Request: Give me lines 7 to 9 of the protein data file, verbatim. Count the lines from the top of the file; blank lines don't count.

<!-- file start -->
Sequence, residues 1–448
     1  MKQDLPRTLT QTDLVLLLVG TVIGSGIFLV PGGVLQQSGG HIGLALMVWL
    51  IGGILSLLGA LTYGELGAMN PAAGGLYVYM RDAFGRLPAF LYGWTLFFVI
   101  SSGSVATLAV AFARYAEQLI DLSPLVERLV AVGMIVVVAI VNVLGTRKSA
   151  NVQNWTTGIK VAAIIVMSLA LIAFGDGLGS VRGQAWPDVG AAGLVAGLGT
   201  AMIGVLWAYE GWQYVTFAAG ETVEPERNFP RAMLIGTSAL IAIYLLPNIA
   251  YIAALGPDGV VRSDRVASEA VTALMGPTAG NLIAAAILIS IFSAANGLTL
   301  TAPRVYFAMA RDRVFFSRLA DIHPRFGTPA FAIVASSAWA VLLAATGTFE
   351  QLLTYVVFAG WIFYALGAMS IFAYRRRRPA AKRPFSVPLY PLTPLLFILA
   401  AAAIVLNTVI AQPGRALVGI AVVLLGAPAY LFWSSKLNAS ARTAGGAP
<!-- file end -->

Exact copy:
   251  YIAALGPDGV VRSDRVASEA VTALMGPTAG NLIAAAILIS IFSAANGLTL
   301  TAPRVYFAMA RDRVFFSRLA DIHPRFGTPA FAIVASSAWA VLLAATGTFE
   351  QLLTYVVFAG WIFYALGAMS IFAYRRRRPA AKRPFSVPLY PLTPLLFILA